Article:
David Kahn’s New York Times Crossword, “In Character”—Amy’s write-up
In each of these eight theme answers, a Shakespearean character’s name appears in the circled letters, and the full answer essentially serves as a clue for the name. The clue given is [See blurb], and if you’re like me, you didn’t read the blurb/notepad entry. (It basically says what I said in sentence 1.)
- 23a. [See blurb], COMRADE OF MERCUTIO, Romeo. Not typically called a “comrade,” but we’ll go with it.
- 31a. BANQUET GHOST, Banquo. It’s been decades since I read Macbeth. There’s a banquet involving Banquo? Is this key to the plot?
- 45a. ELDERLY MONARCH, Lear.
- 62a. SCHEMER AGAINST CAESAR, Casca.
- 69a. LOVE INTEREST OF OLIVIA, Viola.
- 90a. EVIL ANTAGONIST, Iago. This answer/clue phrase is awfully nonspecific.
- 103a. MACABRE THANE, Macbeth.
- 115a. UNHAPPY MALCONTENT, Hamlet. I’m sorry, is it possible to be a happy malcontent?
I give the theme about 3.6 stars. Is 126 theme squares pretty heavy for a 21x puzzle? Feels like the long theme answers crowd the grid. There are some nice bits in there—ORRIN HATCH, GO ROGUE, RAMONES, AUTOSTRADA, VOICE ACTOR—but for me, they were overshadowed by the blah bits throughout. Your EMOTER, AHEMS, ELOI, EELED, that sort of fill.
Three more things:
- 103d. [Some electrical plugs], MALES. Please show me an electrical plug that is “female” (i.e., has holes rather than prongs). Shouldn’t the clue be [Some electrical connectors]?
- 9a. [Snap], FOTO. I don’t know anyone who uses foto in English. In German, a photo is das Foto, but not in English. Why not clue it as a foreign word if you simply must include it in the grid?
- 1d. [Rude thing to drop], F-BOMB. It’s not always rude. Sometimes it’s entirely warranted, or cathartic. There’s a good group blog called Strong Language, with posts written by a range of contributors including linguist/puzzler Ben Zimmer, naming consultant Nancy Friedman, dictionary people, etc. Check it out.
3.4 stars overall from me.
Ed Sessa’s Los Angeles Times crossword, “Bull Session”—Andy’s review
First of all, thanks very much to Jenni for filling in for me last week!
Now, a warning: I don’t think I can quite be impartial about this puzzle. It’s got the same theme as my very first published puzzle (co-authored with Will Nediger)–a puzzle that ran in the LAT about 3.5 years ago–and it shares a couple of theme entries with both that puzzle and the puzzle that ran in the NYT a month later with the same theme. Impressively, most of these theme answers are original (but of course I like my puzzle way better).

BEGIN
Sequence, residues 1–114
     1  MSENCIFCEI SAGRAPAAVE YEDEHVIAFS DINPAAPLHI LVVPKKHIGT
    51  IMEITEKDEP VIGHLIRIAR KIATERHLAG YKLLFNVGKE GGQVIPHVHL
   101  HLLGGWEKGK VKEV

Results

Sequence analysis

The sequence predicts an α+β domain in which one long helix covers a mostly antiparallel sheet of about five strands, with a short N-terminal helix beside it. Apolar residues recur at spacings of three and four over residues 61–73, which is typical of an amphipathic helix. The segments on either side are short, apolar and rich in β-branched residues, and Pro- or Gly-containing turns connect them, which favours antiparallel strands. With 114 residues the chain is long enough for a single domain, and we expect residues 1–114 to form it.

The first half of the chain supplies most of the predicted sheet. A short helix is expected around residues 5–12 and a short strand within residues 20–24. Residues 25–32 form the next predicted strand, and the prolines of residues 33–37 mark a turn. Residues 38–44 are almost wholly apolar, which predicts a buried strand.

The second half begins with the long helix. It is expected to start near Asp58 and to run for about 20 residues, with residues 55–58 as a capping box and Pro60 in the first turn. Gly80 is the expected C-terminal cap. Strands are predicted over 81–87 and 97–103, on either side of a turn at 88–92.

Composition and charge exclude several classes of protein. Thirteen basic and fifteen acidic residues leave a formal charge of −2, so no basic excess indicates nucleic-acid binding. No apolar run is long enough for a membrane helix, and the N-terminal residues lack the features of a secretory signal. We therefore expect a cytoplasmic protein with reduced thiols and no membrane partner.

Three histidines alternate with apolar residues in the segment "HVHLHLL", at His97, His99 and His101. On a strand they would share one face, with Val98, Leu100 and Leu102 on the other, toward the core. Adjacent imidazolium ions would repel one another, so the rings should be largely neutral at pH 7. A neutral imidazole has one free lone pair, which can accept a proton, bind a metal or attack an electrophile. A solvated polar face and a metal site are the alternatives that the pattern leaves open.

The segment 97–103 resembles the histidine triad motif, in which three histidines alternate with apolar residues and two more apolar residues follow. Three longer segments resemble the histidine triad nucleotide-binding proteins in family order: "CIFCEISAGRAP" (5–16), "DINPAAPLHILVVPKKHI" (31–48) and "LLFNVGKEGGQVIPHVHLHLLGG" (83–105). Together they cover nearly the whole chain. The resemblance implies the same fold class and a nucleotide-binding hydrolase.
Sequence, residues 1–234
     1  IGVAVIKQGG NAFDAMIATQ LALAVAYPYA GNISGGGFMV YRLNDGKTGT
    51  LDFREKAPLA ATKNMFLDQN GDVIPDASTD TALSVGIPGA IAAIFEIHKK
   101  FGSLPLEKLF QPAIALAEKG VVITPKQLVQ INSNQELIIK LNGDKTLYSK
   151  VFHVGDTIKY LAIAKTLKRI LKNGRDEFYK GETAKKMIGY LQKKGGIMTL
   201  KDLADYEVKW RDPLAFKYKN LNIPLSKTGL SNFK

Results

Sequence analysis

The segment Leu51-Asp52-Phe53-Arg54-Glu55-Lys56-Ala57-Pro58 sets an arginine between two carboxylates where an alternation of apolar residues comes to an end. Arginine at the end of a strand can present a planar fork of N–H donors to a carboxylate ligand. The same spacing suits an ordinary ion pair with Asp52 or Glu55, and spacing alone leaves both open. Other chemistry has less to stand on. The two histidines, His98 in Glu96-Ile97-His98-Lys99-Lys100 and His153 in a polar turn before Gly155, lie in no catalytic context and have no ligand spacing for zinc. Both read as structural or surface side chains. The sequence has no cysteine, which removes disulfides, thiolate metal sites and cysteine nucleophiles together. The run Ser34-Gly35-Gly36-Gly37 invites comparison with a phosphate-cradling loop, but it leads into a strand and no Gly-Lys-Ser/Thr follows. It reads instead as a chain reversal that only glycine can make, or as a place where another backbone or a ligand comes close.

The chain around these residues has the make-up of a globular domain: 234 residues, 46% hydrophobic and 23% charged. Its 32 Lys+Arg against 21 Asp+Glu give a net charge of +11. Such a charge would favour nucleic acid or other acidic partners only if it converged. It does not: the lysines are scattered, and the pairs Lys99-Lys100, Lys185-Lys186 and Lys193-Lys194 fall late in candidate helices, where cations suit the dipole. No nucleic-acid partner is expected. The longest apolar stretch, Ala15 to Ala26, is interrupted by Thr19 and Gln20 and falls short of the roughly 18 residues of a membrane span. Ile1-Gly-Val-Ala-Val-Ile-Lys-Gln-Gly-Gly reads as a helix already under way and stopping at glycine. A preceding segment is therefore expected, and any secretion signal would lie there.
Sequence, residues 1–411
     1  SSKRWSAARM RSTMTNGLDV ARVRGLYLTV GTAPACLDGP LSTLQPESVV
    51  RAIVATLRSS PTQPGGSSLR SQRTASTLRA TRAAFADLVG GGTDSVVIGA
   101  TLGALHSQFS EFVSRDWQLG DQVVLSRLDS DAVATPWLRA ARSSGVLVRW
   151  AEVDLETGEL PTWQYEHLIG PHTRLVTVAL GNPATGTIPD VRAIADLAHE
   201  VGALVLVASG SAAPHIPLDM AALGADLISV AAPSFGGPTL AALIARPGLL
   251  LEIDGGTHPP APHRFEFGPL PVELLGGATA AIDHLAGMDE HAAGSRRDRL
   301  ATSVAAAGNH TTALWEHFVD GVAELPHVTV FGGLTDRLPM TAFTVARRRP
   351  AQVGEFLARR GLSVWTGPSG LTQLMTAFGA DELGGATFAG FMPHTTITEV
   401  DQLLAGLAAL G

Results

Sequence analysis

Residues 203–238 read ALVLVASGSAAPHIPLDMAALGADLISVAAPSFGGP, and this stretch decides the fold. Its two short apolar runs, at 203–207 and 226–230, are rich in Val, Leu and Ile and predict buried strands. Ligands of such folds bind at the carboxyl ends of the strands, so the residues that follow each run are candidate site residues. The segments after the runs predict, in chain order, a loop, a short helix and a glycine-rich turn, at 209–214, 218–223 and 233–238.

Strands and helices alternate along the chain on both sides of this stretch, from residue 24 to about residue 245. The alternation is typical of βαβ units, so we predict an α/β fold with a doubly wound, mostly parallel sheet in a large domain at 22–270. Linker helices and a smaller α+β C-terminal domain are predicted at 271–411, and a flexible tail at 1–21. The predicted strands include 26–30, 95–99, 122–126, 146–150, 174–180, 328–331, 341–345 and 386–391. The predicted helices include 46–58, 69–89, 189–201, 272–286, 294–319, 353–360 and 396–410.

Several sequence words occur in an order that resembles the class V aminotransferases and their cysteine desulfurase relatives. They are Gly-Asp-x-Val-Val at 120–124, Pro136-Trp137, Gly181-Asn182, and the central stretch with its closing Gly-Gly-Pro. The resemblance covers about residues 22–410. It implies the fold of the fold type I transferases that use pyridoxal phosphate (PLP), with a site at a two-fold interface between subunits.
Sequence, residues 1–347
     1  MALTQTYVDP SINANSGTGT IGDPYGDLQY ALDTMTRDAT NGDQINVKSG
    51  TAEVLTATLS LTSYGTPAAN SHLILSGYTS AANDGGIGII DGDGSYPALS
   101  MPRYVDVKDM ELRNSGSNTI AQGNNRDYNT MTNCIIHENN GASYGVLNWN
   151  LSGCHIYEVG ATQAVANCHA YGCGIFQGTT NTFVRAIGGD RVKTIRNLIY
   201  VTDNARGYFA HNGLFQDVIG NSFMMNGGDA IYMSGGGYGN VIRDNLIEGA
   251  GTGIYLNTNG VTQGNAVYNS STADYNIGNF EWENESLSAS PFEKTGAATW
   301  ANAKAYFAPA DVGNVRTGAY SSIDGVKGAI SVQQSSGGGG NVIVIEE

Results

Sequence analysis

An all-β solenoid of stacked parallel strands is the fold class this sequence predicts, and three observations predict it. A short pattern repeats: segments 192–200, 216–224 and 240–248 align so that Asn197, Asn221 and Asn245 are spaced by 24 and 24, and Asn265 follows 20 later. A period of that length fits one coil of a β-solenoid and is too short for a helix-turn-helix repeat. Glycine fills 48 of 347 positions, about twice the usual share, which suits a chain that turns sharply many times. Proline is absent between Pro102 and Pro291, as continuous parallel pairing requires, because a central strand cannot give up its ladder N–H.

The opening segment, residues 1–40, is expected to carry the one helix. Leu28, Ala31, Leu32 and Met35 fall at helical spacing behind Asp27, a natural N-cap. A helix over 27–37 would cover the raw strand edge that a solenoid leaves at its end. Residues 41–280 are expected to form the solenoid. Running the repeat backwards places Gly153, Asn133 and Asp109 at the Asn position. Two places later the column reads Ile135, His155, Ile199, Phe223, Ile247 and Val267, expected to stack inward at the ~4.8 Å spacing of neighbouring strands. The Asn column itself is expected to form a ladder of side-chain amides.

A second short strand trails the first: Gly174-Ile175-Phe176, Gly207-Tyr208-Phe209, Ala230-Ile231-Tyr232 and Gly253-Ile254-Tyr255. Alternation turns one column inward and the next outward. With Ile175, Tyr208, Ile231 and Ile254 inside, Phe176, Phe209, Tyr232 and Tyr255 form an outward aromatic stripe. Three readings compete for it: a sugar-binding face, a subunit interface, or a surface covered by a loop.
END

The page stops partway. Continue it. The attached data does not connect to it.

I think the theme is intended to be phrases with a “bull” sound, usually represented as “ble,” added:
- 11a, HUMBLE BUG [Lowly glowworm?]. Humbug.
- 23a, GOBBLE SMACK [Turkey’s affectionate peck?]. Gobsmack. This one (as well as the others that have double-b’s) I take issue with, since phonetically it’s just the “ull” sound that’s added, rather than the whole “bull” sound. In my and Will’s puzzle, we got around that by simply making the theme “adding the letters BLE each time.” There’s one theme entry that doesn’t do that in this puzzle–namely, 112-Across. Kyle Dolan’s NYT puzzle worked the same way as ours.
- 36a, MALIBU RUMBLE [Beach brawl?]. Malibu® Rum. Will and I chose RUMBLE RUNNER; Kyle Dolan chose RUMBLE PUNCH.
- 41a, HUBBLE CAP [Lens cover for a low-earth orbiter?]. Hubcap. This is the theme entry all three puzzles shared.
- 65a, AY, THERE’S THE RUBBLE [“Those are stone fragments, all right”?]. Ay, there’s the rub. Kyle Dolan had THERE’S THE RUBBLE also.
- 88a, SKI BUMBLE [Mogul mishap?]. Ski bum. Kyle Dolan had BUMBLE RAP.
- 91a, SPONGE BOBBLE [Slip while washing dishes?]. Spongebob (Squarepants).
- 112a, STABLE ALERT [Warning about an escaped horse?]. Stay alert. This base phrase doesn’t feel quite as strong as the rest, and as I said above, if the theme was spelling-based rather than phonetic then this entry breaks the theme constraint.
- 119a, NOBLE EXIT [Henry VI’s “O, God forgive my sings, and pardon thee!”?]. No Exit. Kyle went with NOBLE NONSENSE, while Will and I favored NOBLE MAN’S LAND.